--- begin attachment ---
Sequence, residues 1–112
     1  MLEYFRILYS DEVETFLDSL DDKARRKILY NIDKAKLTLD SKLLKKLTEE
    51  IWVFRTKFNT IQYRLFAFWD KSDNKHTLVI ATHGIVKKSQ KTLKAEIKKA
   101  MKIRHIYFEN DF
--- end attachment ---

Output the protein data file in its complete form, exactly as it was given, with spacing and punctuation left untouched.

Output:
Sequence, residues 1–112
     1  MLEYFRILYS DEVETFLDSL DDKARRKILY NIDKAKLTLD SKLLKKLTEE
    51  IWVFRTKFNT IQYRLFAFWD KSDNKHTLVI ATHGIVKKSQ KTLKAEIKKA
   101  MKIRHIYFEN DF